You're Damned If You Do ... at the Gong Show of Classical Music, Nobody Really Wins
Chang, Yahlin, Newsweek
At the Gong Show of classical music, nobody really wins
THE BLACK-TIE OPENING GALA FOR the quadrennial Van Cliburn International Piano Competition on May 22 had an unwelcome disturbance. Thirty-five high-society Ft. Worth, Texas, couples were graciously thanked for accommodating the competitors--and the borrowed Steinway grands--in their golf-course-side mansions. Cliburn himself (who gallivants around in a helicopter emblazoned VAN CLIBURN) danced with Mercedes Bass, and Jose Feghali, the Cliburn's 1985 winner, spoke on "the love for life, the love for others, the love for music." Then 1989 gold medalist Alexei Sultanov lurched toward the mike. "There's a fourth thing" he growled. "To hate people who don't like it." The audience laughed uneasily. "There is such a thing as a supreme being," Sultanov went on. "That's Van Gliburn, Horowitz and me." What was Sultanov's problem? "I'm pissed off," he told NEWSWEEK. "It's all a big lie."
It's certainly big. The winner of the Cliburn, to be announced on June 8, will get $20,000 in cash, $10,000 worth of concert attire, two seasons of management and tours, and a Carnegie Hall recital. Some say Sultanov--who won at 19 after playing so hard he broke a piano string--was too young to handle the pressure. Or was it the letdown? Times have changed since the young Cliburn got a ticker-tape parade for winning the 1958 Tchaikovsky Competition in cold-war-era Moscow. Of the nine Cliburn winners, dating from 1962, only Radu Lupu has become a name pianist. "Where are they?" asks 1969 gold medalist Cristina Ortiz. "You don't hear of them."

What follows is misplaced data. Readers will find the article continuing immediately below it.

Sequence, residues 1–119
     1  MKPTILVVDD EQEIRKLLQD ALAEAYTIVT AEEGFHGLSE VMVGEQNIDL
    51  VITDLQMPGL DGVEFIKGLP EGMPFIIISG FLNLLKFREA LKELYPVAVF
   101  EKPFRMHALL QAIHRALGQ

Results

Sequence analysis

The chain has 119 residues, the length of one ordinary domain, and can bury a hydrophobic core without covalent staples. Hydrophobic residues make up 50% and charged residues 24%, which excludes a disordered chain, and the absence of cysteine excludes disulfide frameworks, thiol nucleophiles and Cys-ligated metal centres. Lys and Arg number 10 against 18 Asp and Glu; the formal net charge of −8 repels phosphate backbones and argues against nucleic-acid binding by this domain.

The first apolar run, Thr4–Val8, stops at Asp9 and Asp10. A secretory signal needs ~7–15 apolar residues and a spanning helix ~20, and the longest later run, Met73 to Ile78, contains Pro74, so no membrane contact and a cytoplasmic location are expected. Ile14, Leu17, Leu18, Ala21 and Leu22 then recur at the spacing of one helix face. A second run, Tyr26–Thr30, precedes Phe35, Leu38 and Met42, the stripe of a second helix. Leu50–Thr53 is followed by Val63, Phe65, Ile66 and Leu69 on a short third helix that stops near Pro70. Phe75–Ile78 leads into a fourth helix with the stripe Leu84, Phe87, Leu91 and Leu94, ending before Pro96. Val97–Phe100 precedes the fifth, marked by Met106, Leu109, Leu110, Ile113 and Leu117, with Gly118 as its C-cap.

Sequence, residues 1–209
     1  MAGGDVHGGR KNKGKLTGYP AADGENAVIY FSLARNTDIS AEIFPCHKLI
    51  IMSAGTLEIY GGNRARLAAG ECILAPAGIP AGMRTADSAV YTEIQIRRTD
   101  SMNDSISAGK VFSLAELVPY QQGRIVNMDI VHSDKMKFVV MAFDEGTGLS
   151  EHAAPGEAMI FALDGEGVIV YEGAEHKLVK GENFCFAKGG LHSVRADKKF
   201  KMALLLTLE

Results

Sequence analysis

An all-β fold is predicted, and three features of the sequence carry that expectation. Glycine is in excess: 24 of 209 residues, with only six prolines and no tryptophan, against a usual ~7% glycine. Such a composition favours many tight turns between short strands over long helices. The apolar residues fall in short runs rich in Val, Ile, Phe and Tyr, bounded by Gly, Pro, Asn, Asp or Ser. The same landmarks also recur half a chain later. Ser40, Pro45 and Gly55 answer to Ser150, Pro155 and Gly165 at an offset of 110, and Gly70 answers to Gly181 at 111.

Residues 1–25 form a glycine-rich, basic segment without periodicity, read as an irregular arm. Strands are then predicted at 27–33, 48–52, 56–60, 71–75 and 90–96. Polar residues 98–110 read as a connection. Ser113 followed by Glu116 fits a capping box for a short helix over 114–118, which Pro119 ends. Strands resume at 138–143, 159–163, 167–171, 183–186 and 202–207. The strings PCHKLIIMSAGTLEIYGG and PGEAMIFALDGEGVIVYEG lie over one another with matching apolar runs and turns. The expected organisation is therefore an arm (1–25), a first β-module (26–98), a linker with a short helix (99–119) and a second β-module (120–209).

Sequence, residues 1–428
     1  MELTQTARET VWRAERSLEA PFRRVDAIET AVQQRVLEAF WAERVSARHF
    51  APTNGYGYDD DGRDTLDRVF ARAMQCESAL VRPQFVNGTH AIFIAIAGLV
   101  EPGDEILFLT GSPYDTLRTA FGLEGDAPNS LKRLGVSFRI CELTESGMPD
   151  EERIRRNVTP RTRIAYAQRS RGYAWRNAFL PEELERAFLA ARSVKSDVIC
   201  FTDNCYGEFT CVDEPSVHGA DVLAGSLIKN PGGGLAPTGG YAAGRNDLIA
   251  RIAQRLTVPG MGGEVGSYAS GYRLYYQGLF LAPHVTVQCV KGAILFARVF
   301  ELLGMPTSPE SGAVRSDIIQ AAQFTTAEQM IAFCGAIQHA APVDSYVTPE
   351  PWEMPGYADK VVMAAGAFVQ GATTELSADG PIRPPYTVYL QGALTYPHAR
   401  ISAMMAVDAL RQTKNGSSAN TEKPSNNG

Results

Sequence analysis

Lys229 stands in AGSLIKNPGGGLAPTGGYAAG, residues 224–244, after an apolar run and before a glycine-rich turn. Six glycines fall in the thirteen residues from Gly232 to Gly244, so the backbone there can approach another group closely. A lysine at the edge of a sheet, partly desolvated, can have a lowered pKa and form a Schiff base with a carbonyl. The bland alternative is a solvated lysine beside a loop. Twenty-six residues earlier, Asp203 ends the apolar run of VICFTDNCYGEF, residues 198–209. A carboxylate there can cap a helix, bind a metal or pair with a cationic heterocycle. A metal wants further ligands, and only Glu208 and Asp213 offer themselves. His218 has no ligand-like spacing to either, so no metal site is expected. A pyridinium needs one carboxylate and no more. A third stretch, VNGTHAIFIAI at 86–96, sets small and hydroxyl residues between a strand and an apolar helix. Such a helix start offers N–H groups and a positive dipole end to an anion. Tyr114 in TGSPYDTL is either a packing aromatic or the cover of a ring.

The biggest draw in classical music today happens to be a pianist--the disturbed, much panned Australian David Helfgott, whose supposedly uplifting life story was told in the film "Shine." But the odds are against a merely brilliant pianist making a concert career. Besides suffering from perennially dwindling audiences and record sales, the field has now become overrun with pianists of ever-higher caliber--especially those from Asia and Russia. (Of the four Americans in the year's Cliburn--three of them Asian-American--only Jon Nakamatsu made the semifinals.) The best young pianists in the world can't get a break.
This year's 35 contestants, aged 19 to 30, are better than ever before. There are no obvious standouts or losers--just one exceptional pianist after another trotting out to lay bare their souls for judgment. …